Big K.R.I.T. pays homage to the roots of Southern hip-hop at ONE Musicfest

Big K.R.I.T. at OneMusicFest in Atlanta’s Central Park Saturday, Sept. 8, 2018. (Photo credit: Norman Johnson for Steed Media)

Big K.R.I.T. performed at ONE Musicfest in Atlanta on Saturday, Sept. 8, 2018. (Photo credit: Norman Johnson for Steed Media)Artists like OutKastUGK, Eightball & MJG, and Goodie Mob all used spirituality and soul music to create the foundation for Southern hip-hop. Big K.R.I.T. captures the essence of that era with his music.

It was early Saturday evening when the Mississippi native took the stage at ONE Musicfest in Atlanta. He entered wearing a Multi baseball jersey with the number 86. Multi is his production company; 1986 was the year he was born.

Big K.R.I.T. opened his set by paying homage to bass music with “Subenstein” and “My Sub, Part 3.” Then he slowed things down a bit with a nod to Juvenile on the song “1999,” joined on stage by special guest Lloyd. Lloyd also performed an acoustic version of his hit “Tru.”

Big K.R.I.T. at OneMusicFest in Atlanta’s Central Park Saturday, Sept. 8, 2018. (Photo credit: Norman Johnson for Steed Media)

K.R.I.T. returned and performed “Money On The Floor” and “Temptation.” He also performed “Rotation” from the classic mixtape “Return of 4Eva.” He brought out hip-hop legend Bun B to perform the hit “Country Shit” and ended his hour-long set with the gospel-influenced song “Keep The Devil Off.”

Big K.R.I.T.’s performance was well received by fans, including Douglas Morris, who flew from Indianapolis Friday to be in Atlanta for the first day of the festival. “K.R.I.T. was probably one of the most lyrical rappers out,” he said. “He knows how to work a crowd.”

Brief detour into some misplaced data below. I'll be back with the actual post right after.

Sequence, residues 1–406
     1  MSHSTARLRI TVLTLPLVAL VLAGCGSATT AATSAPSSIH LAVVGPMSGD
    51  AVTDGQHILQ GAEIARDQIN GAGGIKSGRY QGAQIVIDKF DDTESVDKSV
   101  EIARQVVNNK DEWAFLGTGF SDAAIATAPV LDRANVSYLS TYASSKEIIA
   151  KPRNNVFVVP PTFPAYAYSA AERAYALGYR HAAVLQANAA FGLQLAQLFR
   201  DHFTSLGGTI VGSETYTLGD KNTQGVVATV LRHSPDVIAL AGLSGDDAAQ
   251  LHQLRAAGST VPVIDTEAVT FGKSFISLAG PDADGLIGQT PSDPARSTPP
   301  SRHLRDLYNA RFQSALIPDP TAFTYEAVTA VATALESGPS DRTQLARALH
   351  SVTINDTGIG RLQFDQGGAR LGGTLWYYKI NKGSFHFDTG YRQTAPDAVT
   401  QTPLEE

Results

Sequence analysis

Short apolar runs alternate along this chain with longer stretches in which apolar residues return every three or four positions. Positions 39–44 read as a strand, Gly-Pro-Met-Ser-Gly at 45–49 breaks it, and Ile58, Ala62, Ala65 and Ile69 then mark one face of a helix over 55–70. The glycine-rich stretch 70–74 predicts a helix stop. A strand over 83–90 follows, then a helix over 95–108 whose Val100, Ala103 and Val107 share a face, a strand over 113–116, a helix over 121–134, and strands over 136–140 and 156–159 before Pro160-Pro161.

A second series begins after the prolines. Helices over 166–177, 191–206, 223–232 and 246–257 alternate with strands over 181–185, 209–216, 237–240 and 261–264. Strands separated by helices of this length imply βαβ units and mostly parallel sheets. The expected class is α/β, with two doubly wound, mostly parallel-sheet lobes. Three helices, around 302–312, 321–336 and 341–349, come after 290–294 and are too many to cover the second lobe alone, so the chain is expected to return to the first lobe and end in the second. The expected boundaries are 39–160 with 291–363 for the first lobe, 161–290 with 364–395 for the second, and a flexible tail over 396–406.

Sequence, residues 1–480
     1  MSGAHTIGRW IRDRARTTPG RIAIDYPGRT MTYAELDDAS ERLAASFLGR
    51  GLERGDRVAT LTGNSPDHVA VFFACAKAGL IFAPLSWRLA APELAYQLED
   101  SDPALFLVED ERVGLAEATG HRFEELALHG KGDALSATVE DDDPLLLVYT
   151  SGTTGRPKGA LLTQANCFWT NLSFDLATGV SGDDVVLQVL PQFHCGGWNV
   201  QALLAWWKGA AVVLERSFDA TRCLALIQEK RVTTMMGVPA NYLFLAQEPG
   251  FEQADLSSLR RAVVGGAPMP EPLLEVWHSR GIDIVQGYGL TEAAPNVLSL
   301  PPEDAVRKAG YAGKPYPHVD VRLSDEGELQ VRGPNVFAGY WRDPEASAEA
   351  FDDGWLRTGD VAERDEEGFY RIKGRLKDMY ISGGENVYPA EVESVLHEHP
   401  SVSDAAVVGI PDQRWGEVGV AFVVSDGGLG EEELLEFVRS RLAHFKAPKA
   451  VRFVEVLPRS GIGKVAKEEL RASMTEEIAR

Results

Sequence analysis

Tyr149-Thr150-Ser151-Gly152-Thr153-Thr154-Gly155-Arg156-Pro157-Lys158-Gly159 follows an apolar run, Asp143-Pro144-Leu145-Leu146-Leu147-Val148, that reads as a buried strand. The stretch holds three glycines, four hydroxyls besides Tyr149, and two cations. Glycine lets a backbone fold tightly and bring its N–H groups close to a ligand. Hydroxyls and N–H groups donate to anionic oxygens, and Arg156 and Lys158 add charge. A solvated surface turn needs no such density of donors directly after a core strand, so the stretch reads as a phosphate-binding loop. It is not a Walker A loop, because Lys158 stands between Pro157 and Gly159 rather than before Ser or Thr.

Markii Jacobs, a festivalgoer from Atlanta, enjoyed seeing Big K.R.I.T. and Lloyd on stage together. “It was awesome that K.R.I.T. brought Lloyd out, “she said. “He was full of energy.”

Carl Aggard, of Brooklyn, New York, was impressed by the rapper’s mic skills and lyricism, adding: “K.R.I.T. represented for the South and brought the essence of Southern rap culture to ONE Musicfest.”

Big K.R.I.T. may never reach the mainstream success of some of his rap peers, but he will always have a solid fan base and music that will stand the test of time.

Big K.R.I.T. at OneMusicFest in Atlanta’s Central Park Saturday, Sept. 8, 2018. (Photo credit: Norman Johnson for Steed Media)
Big K.R.I.T. at OneMusicFest in Atlanta’s Central Park Saturday, Sept. 8, 2018. (Photo credit: Norman Johnson for Steed Media)
A.R. Shaw
A.R. Shaw

A.R. Shaw is an author and journalist who documents culture, politics, and entertainment. He has covered The Obama White House, the summer Olympics in London, and currently serves as Lifestyle Editor for Rolling Out magazine. Follow his journey on Twitter @arshaw and Instagram @arshaw23.



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